A.A.’s Twelve Traditions apply to the life of the Fellowship itself. They outline the means by which A.A. maintains its unity and relates itself to the world about it, the way it lives and grows.

Though the essays which follow were written mainly for members, it is thought by many of A.A.’s friends that these pieces might arouse interest and find application outside A.A. itself.

Many people, nonalcoholics, report that as a result of the practice of A.A.’s Twelve Steps, they have been able to meet other difficulties of life. They think
* In 2012, it is estimated that over two million have recovered through A.A.

that the Twelve Steps can mean more than sobriety for problem drinkers. They see in them a way to happy and effective living for many, alcoholic or not.

There is, too, a rising interest in the Twelve Traditions of Alcoholics Anonymous. Students of human relations are beginning to wonder how and why A.A. functions as a society. Why is it, they ask, that in A.A. no member can be set in personal authority over another [but see here], that nothing like a central government can anywhere be seen? How can a set of traditional principles, having no legal force at all, hold the Fellowship of Alcoholics Anonymous in unity and effectiveness? The second section of this volume, though designed for A.A.’s membership, will give such inquirers an inside view of A.A. never before possible.

Alcoholics Anonymous began in 1935 at Akron, Ohio, as the outcome of a meeting between a well-known surgeon [Dr Bob – a proctologist] and a New York broker [Bill W]. Both were severe cases of alcoholism and were destined to become co-founders of the A.A. Fellowship.

The basic principles of A.A., as they are known today, were borrowed mainly from the fields of religion and medicine, though some ideas upon which success finally depended were the result of noting the behaviour and needs of the Fellowship itself. [eg. parting company with the Oxford Groups]

After three years of trial and error in selecting the most workable [not dogma driven] tenets upon which the Society could be based, and after a large amount of failure in getting alcoholics to recover, three successful groups emerged—the first at Akron, the second at New York, and the third at Cleveland. Even then it was hard to find two score of sure recoveries in all three groups.

Nevertheless, the infant Society determined to set down its experience in a book which finally reached the public in April 1939. At this time the recoveries numbered about one hundred. The book was called “Alcoholics Anonymous,” and from it the Fellowship took its name. In it alcoholism was described from the alcoholic’s point of view [ie. this perspective is NOT claiming to present any kind of medical diagnosis], the spiritual ideas of the Society were codified for the first time in the Twelve Steps, and the application of these Steps to the alcoholic’s dilemma was made clear. The remainder of the book was devoted to thirty stories or case histories in which the alcoholics described their drinking experiences and recoveries [it would seem that talking about drink in AA meetings is OK after all contrary to cult orthodoxy!]. This established identification with alcoholic readers and proved to them that the virtually impossible had now become possible. The book “Alcoholics Anonymous” became the basic text of the Fellowship, and it still is. This present volume proposes to broaden and deepen the understanding of the Twelve Steps as first written in the earlier work [which implies that the Big Book is to be regarded as an introductory text – not the last word!]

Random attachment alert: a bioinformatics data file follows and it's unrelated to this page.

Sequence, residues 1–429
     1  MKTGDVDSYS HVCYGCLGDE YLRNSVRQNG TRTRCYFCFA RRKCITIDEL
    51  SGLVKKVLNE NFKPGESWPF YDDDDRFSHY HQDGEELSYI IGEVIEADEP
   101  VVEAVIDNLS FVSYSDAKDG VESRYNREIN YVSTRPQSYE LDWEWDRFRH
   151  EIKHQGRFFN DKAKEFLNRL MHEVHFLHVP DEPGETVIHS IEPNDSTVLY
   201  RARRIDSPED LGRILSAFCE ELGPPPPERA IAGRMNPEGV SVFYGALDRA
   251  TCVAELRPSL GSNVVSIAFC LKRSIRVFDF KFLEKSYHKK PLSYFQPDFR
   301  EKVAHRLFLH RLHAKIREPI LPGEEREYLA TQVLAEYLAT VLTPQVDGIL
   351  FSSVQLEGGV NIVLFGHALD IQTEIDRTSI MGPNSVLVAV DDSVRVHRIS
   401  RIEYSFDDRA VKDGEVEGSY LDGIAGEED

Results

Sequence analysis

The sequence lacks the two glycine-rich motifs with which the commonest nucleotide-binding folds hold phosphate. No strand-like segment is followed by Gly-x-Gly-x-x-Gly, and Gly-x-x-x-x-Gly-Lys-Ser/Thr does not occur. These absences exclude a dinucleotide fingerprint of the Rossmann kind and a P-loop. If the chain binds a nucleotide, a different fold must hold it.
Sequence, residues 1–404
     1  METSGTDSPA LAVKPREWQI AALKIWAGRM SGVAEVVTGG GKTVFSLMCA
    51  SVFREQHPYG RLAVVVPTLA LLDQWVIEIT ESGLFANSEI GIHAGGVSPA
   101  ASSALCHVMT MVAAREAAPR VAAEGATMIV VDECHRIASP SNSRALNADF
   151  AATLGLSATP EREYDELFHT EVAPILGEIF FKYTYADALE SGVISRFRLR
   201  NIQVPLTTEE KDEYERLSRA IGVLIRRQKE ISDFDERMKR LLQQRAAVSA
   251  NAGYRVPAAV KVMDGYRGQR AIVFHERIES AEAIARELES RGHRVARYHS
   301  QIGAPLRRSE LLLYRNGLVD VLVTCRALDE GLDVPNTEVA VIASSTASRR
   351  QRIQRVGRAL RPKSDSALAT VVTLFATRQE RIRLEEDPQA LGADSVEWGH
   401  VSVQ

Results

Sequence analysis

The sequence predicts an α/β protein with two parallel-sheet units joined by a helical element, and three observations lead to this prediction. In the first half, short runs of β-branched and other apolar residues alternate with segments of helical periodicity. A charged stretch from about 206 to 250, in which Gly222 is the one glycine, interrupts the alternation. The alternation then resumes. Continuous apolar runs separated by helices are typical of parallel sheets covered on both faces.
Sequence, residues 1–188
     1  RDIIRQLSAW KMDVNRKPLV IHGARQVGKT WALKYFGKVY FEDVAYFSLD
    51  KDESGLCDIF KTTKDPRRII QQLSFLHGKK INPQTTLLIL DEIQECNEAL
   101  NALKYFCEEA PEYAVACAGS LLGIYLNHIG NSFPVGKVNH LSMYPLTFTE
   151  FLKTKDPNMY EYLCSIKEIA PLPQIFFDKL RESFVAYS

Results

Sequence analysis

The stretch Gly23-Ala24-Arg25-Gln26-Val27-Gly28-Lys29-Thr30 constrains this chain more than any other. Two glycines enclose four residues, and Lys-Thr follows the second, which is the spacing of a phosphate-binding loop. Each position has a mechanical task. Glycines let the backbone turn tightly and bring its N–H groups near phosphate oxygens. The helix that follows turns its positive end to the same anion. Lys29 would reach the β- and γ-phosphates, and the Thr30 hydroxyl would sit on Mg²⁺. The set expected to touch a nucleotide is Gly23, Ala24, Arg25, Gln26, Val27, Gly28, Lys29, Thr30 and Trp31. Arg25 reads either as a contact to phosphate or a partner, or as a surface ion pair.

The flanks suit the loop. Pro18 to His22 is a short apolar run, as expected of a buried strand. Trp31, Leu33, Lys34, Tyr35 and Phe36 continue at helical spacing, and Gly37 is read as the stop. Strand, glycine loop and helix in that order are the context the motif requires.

With the publication of the book “Alcoholics Anonymous” in 1939, the pioneering period ended and a prodigious chain reaction set in as the recovered alcoholics carried their message to still others. In the next years alcoholics flocked to A.A. by tens of thousands, largely as the result of excellent and continuous publicity freely given by magazines and newspapers throughout the world. Clergymen and doctors alike rallied to the new movement, giving it unstinted support and endorsement.

This startling expansion brought with it very severe growing pains. Proof that alcoholics could recover had been made. But it was by no means sure that such great numbers of yet erratic people could live and work together with harmony and good effect.

Everywhere there arose threatening questions of membership, money, personal relations, public relations, management [or mismanagement] of groups, clubs, and scores of other perplexities. It was out of this vast welter of explosive experience that A.A.’s Twelve Traditions took form and were first published in 1946 and later confirmed at A.A.’s First International Convention, held at Cleveland in 1950. The Tradition section of this volume portrays in some detail the experience which finally produced the Twelve Traditions and so gave A.A. its present form, substance, and unity.

As A.A. now enters maturity, it has begun to reach into forty foreign lands.* In the view of its friends, this is but the beginning of its unique and valuable service.

It is hoped that this volume will afford all who read it a close-up view of the principles and forces which have made Alcoholics Anonymous what it is.

(A.A.’s General Service Office may be reached by writing:
Alcoholics Anonymous, P.O. Box 459, Grand Central Station, New York, NY 10163. U.S.A.)


* In 2012, A.A. is established in approximately 170 countries.”

(our emphases)(our observations in red print)

Coming next - Step One


The Fellas (Friends of Alcoholics Anonymous)

Friday, 17 October 2014

After Twenty-Five Years, March, 1960, Bill W


The Fellas (Friends of Alcoholics Anonymous)

PS For AA Minority Report 2013 click here